The UKRI monopoly risks stifling innovation

Ministers are foolish to abandon the conclusions of the 1971 review that has informed UK research policy for 45 years, say Donald Braben and John Dainton 

September 28, 2017
Puppeteer

“In our view it is illogical on the one hand to assert the unity of science and the fluidity of its internal boundaries, and on the other hand to approve a system of completely independent Research Councils, each of which can only operate within relatively rigid boundaries set by its individual charter.”

These words, from Sir Frederick Dainton’s 1971 review of the UK research councils, were quoted earlier this year by Sir Mark Walport (“Why a shake-up of UK research funding is neededOpinion, February) in defence of the creation of UK Research and Innovation, the controversial new funding behemoth that he will lead. Due to begin operations next April, the body combines the roles of all seven research councils, knowledge transfer body Innovate UK and the research remit of the Higher Education Funding Council for England.

Unfortunately, Sir Mark’s quotes are extracted from paragraphs 39 and 40 of Dainton’s report. The conclusions are in paragraph 45: “Although our arguments would seem to point to the establishment of a monolithic National Research Council we are opposed to this solution. A single Council given authority and responsibility across the whole range of basic and strategic science might become too remote from the scientists actually carrying out the work; there would be a serious danger that a paralysing bureaucracy might develop. There would also be a risk that if the grant-giving authority were monolithic, its errors would have graver consequences.”

The roadmap drawn up by Dainton was followed by government for the next 45 years. In July, Sir Mark told the BBC that he wants the UK funding system to be “the best in the world” and insisted that, contrary to concerns, he will not centrally direct research. UKRI, he said, will play key roles in encouraging interdisciplinary collaboration and delivering the government's industrial strategy, which aims to leverage UK scientific strengths for the benefit of the economy.

However, it is often not clear which scientific areas have the most economic potential. For instance, in 1975 César Milstein and Georges Köhler, researchers from the Medical Research Council’s Laboratory of Molecular Biology in Cambridge, discovered monoclonal antibodies. The government had already set up a body, the National Research Development Corporation, to ensure that good ideas from academic research realised their economic potential. Yet the committee of senior industrialists, patent lawyers, venture capitalists and financial experts failed to see any value in monoclonal antibodies and turned down Milstein and Köhler’s entreaties to patent them. The discovery went on to earn the researchers the 1984 Nobel Prize in Physiology or Medicine, and the omission probably lost the UK taxpayer many hundreds of millions of pounds.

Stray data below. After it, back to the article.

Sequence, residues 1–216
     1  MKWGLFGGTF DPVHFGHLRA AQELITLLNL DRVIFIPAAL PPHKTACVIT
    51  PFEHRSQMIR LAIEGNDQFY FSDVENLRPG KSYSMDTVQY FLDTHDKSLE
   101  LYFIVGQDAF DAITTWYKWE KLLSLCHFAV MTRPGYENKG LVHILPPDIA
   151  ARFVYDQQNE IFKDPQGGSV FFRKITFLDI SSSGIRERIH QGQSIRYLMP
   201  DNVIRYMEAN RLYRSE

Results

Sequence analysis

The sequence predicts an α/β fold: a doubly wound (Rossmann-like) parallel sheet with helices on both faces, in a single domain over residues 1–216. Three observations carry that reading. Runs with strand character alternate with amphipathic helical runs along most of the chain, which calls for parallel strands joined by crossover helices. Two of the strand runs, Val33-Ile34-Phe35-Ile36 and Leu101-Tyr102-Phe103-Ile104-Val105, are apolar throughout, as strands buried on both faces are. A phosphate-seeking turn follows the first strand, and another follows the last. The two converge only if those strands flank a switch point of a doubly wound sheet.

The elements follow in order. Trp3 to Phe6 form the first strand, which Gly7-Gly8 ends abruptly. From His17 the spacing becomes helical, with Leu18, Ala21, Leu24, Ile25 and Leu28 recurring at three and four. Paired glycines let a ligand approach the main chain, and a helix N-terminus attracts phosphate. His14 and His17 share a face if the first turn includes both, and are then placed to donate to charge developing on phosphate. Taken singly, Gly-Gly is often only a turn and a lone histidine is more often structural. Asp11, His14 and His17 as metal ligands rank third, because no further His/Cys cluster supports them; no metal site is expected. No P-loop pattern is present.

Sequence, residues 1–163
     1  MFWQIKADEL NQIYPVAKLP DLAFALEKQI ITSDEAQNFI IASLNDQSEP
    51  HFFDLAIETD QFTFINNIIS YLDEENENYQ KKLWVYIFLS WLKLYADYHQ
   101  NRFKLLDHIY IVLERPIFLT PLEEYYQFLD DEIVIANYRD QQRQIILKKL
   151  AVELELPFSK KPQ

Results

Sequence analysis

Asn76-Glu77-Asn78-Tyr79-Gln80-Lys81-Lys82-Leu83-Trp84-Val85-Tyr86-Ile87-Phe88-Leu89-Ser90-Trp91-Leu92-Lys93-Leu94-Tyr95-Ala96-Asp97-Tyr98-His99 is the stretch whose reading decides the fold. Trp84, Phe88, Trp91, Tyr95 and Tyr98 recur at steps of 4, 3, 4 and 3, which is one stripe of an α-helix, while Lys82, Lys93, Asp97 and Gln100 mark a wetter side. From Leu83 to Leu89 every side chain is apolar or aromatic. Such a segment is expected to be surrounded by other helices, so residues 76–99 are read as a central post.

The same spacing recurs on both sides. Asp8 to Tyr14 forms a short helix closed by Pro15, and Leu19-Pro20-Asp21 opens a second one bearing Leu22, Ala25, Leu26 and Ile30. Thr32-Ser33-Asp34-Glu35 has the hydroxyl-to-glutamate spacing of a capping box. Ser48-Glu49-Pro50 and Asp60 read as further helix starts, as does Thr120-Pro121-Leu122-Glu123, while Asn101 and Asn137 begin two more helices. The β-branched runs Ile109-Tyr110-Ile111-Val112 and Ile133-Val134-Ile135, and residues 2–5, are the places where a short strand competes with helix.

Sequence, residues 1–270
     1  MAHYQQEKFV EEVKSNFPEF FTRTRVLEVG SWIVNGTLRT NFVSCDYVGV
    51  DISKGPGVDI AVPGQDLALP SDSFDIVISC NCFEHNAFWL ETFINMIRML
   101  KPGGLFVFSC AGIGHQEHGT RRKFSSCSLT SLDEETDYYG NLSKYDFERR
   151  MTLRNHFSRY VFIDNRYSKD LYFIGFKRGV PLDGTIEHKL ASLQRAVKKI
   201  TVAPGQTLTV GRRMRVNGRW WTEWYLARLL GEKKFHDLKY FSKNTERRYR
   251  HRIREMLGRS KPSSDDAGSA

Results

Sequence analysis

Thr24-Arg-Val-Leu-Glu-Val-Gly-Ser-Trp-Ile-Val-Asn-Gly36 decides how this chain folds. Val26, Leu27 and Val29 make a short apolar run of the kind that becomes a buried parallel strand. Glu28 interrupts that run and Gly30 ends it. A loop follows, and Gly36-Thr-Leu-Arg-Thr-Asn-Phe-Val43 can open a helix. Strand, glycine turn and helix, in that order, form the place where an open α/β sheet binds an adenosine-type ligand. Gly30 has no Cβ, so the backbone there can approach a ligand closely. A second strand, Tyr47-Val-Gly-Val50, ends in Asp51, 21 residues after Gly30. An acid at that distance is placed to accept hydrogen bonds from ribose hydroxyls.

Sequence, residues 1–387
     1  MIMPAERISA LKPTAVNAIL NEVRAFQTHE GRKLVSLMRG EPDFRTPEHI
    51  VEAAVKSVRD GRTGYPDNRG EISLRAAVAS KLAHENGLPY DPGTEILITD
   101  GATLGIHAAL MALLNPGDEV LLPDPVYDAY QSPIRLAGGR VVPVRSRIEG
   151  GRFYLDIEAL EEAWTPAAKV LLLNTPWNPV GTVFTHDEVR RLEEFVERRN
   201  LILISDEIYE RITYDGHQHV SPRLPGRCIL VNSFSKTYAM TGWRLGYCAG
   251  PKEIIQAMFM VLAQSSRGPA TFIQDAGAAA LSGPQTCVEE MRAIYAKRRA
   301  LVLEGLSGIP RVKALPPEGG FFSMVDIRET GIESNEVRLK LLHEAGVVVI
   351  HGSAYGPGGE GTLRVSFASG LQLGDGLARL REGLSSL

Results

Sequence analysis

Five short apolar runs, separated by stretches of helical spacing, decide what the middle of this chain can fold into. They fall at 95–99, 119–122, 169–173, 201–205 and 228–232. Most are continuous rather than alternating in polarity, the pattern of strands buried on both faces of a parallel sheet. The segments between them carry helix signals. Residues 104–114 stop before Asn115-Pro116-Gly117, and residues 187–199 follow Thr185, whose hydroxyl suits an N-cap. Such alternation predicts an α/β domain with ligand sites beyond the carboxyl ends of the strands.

In his Times Higher Education article, Sir Mark wrote that the world is “getting the hang of the idea that research and innovation are crucial to economic growth”. But creating a monolithic body risks imposing a single recipe for innovation that will lead to stagnation.

The discovery of the CRISPR gene editing system in biology, which is now taking the scientific world by storm, was made by scientists in their twenties, following their curiosity in relatively obscure labs in places such Alicante, Spain and Vilnius, Lithuania. Their papers were rejected by leading journals, but the combination of their youthful determination and the freedom that they were afforded allowed them to persist with their research regardless.

If Dainton’s fears about the development of paralysing bureaucracies are realised, such freedom will be in short supply under UKRI. As Sui Huang recently argued in THE, scientific innovation is already being stifled by the routine peer review of grant applications (“Bland peer review needs a pinch of salt”, Opinion, 31 August). Focusing research ever more tightly on national priorities will further encourage short-term research in fashionable fields, ignoring the young. And UKRI’s monopoly on public funding will make such follies disastrous. How will Sir Mark deal with these consequences?

Donald Braben is honorary professor in the department of earth sciences and in the office of the vice-provost (research) at University College London. John Dainton is Sir James Chadwick professor of physics (emeritus) at the University of Liverpool.

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Print headline: Is UKRI too heavy to fly?

Reader's comments (1)

This article makes an excellent point. The problem that I see is that government policy makers and businesses are essentially short term in nature (few ministers, or CEOs last more than five years). Furthermore the economics profession has signally failed to value basic research in a way that leads to effective policies to promote it. This is not an insoluble problem and is recognised in some universities. It needs creative thinking to agree a way to allocate a proportion of research funding to longer term and often poorly defined goals. This has worked, before, with some spectacular results!

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